Did you ever watch a movie and wonder what happened to the characters after the credits? Or see a movie and think: Hey that character reminds me of someone from another movie? No? Hmm. Did you ever wake up with something that looked like a blister on your junk, but without any discharge? (That last question is unrelated to the column. I'm just trying to figure out if I should see a doctor.)
In any event, recently I noticed that there were certain movies which, although not designed to be, are like sequels to earlier, unrelated films. Movies that show you what would have happened years later if only you use a little imagination and poetic license, and I thought it would be fun to pair some of them up in a list.
Know what else I noticed? There are a whole bunch of people who like to comment on articles who don't actually read them. They miss the conceit of the entire article that's set up in the introductory paragraphs and jump from the title to the entries. I'm also not sure they read the entries. It's basically title, entry title, pictures, comment. So yeah, for them, this column will be a bit of a confusing train wreck. And even though they are the worst people in the world afflicted with all manner of masturbatory-induced venereal diseases, maybe you'd be good enough to point them to the first two paragraphs above. And don't worry about them getting offended by the preceding sentence. They won't read it.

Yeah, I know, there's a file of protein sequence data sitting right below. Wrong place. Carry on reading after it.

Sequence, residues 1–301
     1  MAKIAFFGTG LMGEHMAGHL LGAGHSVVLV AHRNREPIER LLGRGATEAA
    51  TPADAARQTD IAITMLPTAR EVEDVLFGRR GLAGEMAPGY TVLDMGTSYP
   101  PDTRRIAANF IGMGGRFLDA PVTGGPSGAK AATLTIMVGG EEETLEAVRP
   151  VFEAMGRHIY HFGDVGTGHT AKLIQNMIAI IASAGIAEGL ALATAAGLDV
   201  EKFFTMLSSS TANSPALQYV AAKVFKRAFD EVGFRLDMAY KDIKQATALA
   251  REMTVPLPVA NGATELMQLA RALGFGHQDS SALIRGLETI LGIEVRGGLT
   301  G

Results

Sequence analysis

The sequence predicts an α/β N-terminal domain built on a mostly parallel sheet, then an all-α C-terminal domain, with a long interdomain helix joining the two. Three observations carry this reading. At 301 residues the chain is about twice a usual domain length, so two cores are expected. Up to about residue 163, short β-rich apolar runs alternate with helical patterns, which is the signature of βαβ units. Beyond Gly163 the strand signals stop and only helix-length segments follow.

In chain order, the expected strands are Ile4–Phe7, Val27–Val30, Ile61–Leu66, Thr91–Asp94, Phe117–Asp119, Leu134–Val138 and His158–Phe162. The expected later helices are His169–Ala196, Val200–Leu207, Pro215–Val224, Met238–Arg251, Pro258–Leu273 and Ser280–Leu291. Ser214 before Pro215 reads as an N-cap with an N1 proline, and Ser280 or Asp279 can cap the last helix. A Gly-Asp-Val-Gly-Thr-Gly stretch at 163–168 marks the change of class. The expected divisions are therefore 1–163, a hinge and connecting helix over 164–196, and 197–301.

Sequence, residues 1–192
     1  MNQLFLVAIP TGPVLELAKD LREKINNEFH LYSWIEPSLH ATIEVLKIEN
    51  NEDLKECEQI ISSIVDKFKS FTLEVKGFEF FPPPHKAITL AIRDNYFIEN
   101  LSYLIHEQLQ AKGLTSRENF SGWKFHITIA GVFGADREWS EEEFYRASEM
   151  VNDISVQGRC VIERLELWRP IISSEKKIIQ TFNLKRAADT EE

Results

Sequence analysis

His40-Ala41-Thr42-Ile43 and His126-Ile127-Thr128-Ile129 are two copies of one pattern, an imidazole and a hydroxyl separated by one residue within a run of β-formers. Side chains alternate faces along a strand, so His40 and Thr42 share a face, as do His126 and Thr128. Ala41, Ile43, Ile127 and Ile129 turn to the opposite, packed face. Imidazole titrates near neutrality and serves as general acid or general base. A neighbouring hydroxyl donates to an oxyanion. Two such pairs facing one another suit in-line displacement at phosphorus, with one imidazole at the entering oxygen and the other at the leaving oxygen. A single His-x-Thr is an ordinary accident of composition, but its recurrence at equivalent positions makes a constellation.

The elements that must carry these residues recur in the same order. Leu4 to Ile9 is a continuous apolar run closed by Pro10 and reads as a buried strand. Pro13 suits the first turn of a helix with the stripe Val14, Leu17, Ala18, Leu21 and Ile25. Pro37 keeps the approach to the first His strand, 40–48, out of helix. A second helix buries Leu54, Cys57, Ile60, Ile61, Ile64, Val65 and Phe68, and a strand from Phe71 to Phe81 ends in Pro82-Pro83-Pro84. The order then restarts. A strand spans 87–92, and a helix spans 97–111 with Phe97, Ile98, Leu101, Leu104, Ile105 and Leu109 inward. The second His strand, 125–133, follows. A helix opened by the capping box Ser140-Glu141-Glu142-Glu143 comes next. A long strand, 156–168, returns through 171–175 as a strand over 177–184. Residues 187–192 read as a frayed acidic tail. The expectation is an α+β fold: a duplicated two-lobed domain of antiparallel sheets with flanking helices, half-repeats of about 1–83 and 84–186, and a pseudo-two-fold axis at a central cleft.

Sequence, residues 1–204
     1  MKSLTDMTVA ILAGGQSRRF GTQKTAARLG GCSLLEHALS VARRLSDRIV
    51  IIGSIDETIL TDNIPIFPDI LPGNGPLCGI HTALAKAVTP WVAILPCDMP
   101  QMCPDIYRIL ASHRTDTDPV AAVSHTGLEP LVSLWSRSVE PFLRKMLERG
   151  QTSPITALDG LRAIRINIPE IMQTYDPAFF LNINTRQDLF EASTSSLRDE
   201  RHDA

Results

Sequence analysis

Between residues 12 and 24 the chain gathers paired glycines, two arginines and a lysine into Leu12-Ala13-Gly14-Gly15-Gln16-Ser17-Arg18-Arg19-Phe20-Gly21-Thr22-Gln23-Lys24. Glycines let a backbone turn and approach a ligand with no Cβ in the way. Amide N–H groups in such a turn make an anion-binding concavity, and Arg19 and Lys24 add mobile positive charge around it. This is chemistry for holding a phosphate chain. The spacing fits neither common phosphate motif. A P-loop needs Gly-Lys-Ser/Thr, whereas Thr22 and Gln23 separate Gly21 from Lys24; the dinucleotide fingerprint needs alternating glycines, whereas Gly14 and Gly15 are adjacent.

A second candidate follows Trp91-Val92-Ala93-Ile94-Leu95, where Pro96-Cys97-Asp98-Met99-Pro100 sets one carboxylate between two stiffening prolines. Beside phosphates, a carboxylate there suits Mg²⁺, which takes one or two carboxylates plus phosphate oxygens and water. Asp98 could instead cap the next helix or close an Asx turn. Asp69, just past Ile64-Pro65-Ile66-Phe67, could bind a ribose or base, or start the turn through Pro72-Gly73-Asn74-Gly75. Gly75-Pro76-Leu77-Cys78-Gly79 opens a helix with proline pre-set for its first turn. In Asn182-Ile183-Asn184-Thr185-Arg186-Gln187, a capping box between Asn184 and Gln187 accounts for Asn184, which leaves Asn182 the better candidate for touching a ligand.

OK, so here we go:
Say Anything/Blue Valentine
In 1989 Cameron Crowe released what I like to call his best film about a simple, but kind-hearted, lower middle-class 19-year-old high school graduate named Lloyd Dobler. Lloyd has a crush on Diane Court: a smarter, highly motivated, upper middle-class girl. Lloyd has no true ambition in life other than being with Diane, and he treats her well. Ultimately, she bows to family pressure and breaks up with Lloyd. Do you remember how he wins her back?
Yeah, not like this. This just pissed off the neighbors.
Although a memorable scene, Lloyd's Peter Gabriel-infused serenade does not save the day. Instead, after breaking Lloyd's heart, Diane comes back to him when she is struck by a family tragedy - her father (and basically only friend) is arrested and imprisoned for stealing money from the old folks at his home for the aged. She is alone and turns to Lloyd for help. Lloyd admits he loves her so much that it doesn't matter if she's back because she wants him or just because she needs someone, and they go off to a new life together.
Unless of course they crash and burn in a fiery death. We just don't know.
Well twenty one years later director, Derek Cianfrance explored similar themes with his ultra-depressing and ultimately half-baked movie called